Thursday, February 14, 2008

This is me...brimming with confidence...

Anybody else concerned about this approach to taking out a broken spy satellite?

WASHINGTON (AP) -- The Pentagon is planning to shoot down a broken spy satellite expected to hit the Earth in early March, The Associated Press has learned.

U.S. officials said Thursday that the option preferred by the Bush administration will be to fire a missile from a U.S. Navy cruiser, and shoot down the satellite before it enters Earth's atmosphere.

The officials spoke on condition of anonymity because the options will not be publicly discussed until a later Pentagon briefing.

The disabled satellite is expected to hit the Earth the first week of March. Officials said the Navy would likely shoot it down before then, using a special missile modified for the task. Other details about the missile and the targeting were not immediately available.

But the decision involves several U.S. agencies, including the National Security Agency, the Department of Homeland Defense and the State Department.

Is it just me or does this remind anyone of The West Wing episode called "The Drop-In" where Leo is trying to get President Bartlet to continue funding a missile defense shield, and has him sitting in on a sitroom monitoring of the latest test when it goes, shall we say, predictably awry...

MAN 1 [on radio]
Negative intercept.
KM warhead has overshot
it's target.

It was just enthusiastic.

By how much?

Uh, Leo...

[sternly] By how much did it miss the target?

One three seven.

We missed the target by 137 feet?


[looks at him, incredulous]
We missed it by 137 miles?!

When you consider the size of outer space, Leo,
that's not so bad.


Darren Duvall said...

The problem is the half-ton of frozen hydrazine inside a fuel tank that can apparently survive re-entry, it being internally-refrigerated by the hydrazine and insulated. If the tank hits the ground and doesn't crack open, it's a micro-hazmat site.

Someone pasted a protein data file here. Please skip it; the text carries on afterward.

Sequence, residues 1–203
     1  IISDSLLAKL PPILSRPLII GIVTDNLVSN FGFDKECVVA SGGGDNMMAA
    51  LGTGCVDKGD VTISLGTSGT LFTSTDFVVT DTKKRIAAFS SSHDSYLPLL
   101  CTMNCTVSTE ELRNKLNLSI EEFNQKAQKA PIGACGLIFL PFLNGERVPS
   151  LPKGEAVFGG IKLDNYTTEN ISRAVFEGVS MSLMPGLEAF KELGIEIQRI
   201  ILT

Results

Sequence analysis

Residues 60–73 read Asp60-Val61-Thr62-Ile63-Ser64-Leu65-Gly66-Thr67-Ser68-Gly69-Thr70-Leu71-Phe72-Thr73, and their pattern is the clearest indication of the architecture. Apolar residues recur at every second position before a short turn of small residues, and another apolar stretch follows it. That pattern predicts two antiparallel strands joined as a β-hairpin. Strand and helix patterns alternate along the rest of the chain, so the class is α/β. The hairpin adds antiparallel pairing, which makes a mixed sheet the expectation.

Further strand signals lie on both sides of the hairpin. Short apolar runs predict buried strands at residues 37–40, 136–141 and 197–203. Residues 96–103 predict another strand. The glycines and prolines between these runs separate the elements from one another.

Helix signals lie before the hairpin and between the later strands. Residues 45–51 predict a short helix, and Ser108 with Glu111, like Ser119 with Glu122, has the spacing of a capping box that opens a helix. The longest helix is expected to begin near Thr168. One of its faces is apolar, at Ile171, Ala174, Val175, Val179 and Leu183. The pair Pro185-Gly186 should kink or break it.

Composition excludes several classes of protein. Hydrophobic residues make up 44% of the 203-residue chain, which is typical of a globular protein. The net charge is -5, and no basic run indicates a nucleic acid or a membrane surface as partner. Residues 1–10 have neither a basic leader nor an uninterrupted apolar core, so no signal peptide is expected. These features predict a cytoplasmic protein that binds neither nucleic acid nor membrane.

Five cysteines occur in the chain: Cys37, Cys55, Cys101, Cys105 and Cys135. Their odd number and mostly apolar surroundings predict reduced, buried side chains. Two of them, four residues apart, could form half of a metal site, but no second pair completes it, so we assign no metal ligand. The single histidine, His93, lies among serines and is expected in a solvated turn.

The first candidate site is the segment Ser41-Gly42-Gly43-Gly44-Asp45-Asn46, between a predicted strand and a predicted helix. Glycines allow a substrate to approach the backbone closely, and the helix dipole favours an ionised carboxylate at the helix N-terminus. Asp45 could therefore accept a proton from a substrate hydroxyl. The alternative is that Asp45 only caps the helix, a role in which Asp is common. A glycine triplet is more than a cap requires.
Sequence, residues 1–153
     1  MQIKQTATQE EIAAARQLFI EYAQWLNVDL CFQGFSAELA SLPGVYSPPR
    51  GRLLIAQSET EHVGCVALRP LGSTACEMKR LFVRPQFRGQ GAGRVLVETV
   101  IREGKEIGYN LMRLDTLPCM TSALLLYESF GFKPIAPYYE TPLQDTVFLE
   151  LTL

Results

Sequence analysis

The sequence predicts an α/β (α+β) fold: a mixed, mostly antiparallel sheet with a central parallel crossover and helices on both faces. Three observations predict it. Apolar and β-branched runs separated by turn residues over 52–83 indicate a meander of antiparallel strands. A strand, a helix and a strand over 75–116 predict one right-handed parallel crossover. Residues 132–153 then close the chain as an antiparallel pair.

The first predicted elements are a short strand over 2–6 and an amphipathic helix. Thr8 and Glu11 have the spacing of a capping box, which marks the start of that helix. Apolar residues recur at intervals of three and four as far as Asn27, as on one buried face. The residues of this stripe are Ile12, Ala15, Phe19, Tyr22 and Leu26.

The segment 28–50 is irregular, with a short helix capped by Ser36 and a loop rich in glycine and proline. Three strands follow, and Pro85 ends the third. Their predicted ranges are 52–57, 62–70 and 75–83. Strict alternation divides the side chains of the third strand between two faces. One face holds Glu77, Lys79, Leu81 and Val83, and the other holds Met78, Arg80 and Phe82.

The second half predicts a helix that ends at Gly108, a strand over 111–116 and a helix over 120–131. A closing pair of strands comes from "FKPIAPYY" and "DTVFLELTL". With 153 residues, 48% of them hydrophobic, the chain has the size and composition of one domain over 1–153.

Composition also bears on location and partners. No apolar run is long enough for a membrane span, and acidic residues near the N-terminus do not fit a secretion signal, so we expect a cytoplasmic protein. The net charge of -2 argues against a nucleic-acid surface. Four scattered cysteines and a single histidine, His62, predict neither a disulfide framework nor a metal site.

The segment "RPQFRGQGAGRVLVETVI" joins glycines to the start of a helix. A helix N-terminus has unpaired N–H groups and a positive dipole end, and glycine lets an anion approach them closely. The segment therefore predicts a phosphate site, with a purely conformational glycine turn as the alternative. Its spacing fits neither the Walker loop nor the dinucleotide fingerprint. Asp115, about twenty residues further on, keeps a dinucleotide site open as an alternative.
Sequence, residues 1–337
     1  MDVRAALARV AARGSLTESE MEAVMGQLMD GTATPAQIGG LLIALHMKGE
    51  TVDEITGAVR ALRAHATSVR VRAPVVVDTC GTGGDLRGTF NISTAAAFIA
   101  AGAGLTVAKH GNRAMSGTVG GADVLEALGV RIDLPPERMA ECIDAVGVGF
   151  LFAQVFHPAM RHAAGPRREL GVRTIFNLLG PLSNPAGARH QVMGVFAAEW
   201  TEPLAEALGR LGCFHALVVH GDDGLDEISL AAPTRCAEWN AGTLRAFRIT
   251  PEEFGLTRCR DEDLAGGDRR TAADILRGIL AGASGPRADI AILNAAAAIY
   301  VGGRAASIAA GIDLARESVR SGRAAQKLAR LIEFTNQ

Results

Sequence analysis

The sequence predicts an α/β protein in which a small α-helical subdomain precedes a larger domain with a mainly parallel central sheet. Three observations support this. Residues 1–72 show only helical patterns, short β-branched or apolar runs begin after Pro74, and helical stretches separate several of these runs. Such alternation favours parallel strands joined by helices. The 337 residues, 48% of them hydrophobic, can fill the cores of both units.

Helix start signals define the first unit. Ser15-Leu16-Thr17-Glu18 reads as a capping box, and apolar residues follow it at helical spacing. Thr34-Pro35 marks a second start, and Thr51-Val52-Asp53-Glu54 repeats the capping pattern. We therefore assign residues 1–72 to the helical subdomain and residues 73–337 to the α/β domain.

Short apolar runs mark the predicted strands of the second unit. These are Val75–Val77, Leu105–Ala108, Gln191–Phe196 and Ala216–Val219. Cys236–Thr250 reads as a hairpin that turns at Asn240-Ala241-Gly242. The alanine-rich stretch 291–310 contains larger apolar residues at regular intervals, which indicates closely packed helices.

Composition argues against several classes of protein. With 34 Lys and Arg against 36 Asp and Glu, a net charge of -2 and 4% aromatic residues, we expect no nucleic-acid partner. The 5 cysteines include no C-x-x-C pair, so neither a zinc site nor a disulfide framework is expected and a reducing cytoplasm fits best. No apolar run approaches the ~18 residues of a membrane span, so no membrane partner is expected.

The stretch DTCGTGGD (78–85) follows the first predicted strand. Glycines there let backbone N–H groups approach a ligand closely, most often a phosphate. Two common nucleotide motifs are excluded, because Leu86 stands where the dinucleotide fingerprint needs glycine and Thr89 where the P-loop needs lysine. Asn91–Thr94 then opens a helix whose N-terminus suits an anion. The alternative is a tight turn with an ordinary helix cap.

If it hits the ground in a populated area, the hydrazine is pretty toxic, and so it's better if it doesn't do that.

The plan is apparently to use a SM-3 to (it is hoped) crack open the tank so the hydrazine evaporates or burns up at re-entry. If it gives you any comfort, they're not just aiming for the 5,000lb satellite moving at 17,000 mph, they're aiming for the tank itself. They're either ballsy or taking hubris to the next level, but frankly compared to hitting a smaller warhead (the size of a coffee table), the bus-sized US193 is an easier target.

The land-based interceptors haven't had nearly as successful a track record as the Navy's TMD program. That's why the Navy gets first shot.

If they knew where it was coming down I don't think they'd shoot it, but satellites that de-orbit usually do so on-purpose and into deep, deep water.

Darren Duvall said...

*cues up "Hey Man Nice Shot" by Filter*

Lucas Hendrickson said...

Ha! Excellent mid-'90s pop music reference...

I'm not saying the attempt wasn't needed or useful. I'm just saying, especially in the lead-up to it, that the solution seemed a little far-fetched.

Hopefully, we'll get to hear some more details, if nothing else but to satisfy the inner geek of all of us who watch "Mythbusters" quasi-religiously...